No stone unturned in protecting South West forest from pests

Fast facts:
– The forest industry employed 67,000 people in 2016–17, mainly in regional Australia.
– Sales and service income in forest product industries was $23.7 billion in 2015–16.

South West forests will get more protection, through the Turnbull Government’s five year strategy to stop exotic pests that could threaten our forests.

Member for Forrest said the $896,500 in seed funding for the National Forest Biosecurity Surveillance Strategy 2018–2023 announced coincided with the International Day of Forests.

“We are targeting exotic pests that have the potential to devastate natural and plantation forest ecosystems, putting at risk forests, wine and other horticulture industries and associated jobs,” Mrs Marino said.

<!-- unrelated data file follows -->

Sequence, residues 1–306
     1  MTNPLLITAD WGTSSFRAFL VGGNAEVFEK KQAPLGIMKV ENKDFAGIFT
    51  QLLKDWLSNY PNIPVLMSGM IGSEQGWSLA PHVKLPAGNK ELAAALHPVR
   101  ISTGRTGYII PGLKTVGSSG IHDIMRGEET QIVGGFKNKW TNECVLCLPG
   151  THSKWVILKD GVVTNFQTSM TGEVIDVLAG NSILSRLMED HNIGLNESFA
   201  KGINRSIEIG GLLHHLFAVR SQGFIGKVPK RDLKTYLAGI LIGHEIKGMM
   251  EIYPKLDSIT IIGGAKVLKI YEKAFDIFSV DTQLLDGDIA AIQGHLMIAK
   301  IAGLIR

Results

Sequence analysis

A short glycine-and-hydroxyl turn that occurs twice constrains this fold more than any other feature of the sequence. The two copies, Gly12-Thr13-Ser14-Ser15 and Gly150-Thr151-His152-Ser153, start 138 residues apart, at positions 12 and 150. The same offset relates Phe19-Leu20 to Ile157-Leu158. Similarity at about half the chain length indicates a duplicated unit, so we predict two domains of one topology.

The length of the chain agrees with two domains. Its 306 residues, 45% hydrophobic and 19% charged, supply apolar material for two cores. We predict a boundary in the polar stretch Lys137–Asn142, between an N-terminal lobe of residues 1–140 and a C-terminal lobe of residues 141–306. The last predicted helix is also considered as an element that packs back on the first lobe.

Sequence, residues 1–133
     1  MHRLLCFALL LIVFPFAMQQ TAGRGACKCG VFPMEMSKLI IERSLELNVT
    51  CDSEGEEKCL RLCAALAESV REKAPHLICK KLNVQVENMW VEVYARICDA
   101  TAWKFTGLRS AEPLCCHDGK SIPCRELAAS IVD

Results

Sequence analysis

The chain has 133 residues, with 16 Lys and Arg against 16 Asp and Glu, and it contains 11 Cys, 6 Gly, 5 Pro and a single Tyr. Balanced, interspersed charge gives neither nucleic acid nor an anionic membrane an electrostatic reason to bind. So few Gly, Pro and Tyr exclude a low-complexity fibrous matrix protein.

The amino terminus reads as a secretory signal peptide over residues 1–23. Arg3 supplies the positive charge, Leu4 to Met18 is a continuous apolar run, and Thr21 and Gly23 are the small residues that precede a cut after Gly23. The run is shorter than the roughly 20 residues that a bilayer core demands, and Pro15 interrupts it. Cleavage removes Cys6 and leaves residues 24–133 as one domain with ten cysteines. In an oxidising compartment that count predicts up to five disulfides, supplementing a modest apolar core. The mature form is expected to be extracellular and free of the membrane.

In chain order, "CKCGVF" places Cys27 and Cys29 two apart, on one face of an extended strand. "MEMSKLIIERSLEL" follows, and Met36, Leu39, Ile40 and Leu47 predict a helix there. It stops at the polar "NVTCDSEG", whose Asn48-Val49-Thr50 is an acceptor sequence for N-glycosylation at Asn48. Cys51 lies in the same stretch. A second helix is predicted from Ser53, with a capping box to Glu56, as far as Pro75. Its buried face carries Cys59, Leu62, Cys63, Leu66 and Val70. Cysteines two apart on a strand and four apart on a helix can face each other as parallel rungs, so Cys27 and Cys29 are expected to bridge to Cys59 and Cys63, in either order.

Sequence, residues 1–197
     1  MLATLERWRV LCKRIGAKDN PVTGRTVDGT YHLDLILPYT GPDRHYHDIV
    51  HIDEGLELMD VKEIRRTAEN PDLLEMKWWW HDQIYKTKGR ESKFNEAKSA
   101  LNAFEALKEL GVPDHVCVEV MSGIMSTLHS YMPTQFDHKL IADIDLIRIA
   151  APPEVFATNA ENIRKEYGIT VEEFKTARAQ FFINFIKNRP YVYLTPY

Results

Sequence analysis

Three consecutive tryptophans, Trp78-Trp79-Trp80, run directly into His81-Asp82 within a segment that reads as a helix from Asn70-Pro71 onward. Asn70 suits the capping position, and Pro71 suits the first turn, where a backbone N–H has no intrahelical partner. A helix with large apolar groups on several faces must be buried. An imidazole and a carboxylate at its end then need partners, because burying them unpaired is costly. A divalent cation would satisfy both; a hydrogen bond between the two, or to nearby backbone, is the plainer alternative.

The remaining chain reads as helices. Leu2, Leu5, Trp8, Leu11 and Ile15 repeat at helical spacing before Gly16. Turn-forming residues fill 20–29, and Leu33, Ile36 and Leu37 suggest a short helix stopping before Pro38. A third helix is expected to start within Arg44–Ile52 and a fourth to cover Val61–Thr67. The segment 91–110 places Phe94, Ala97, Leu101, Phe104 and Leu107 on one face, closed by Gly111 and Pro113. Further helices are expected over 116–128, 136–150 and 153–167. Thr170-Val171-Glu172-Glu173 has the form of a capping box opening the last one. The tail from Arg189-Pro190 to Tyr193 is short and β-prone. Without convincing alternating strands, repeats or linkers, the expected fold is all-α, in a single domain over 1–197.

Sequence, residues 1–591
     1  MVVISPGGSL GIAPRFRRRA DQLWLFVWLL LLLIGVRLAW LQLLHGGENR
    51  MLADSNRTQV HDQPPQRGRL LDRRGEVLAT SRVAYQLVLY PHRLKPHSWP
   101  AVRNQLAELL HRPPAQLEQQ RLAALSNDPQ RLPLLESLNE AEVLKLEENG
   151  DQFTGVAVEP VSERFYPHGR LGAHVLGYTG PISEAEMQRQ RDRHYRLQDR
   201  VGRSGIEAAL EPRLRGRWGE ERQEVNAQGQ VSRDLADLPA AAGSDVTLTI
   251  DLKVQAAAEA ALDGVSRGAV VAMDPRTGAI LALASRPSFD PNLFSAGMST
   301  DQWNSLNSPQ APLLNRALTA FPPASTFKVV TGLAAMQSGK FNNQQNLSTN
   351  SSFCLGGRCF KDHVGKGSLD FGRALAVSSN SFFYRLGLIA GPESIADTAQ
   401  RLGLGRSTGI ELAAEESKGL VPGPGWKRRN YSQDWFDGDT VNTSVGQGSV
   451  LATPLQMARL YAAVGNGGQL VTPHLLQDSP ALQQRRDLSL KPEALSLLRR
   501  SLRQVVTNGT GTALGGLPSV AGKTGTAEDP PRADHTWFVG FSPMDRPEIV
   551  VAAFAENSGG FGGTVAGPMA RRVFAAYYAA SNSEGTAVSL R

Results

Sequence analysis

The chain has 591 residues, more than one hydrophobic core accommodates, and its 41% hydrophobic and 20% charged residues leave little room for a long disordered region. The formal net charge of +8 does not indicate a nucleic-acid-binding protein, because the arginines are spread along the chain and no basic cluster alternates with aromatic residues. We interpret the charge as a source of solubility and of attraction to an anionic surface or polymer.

“Top of our most wanted plant pest list is Xylella fastidiosa but we also have Gypsy moth and pinewood wilt nematode in our crosshairs,” Mrs Marino said.

“Australia’s forest industry employs around 67,000 people and generated $23.7 billion of income in 2015–16. Tens of thousands more are employed in horticulture.”

The program will be overseen by a National Forest Biosecurity Surveillance Group, headed by a National Forest Biosecurity Surveillance Coordinator, who will work out of Bunbury, Western Australia; liaising with industry, state governments and other forest industry stakeholders.

To view the National Forest Biosecurity Surveillance Strategy 2018–23, visit planthealthaustralia.com.au.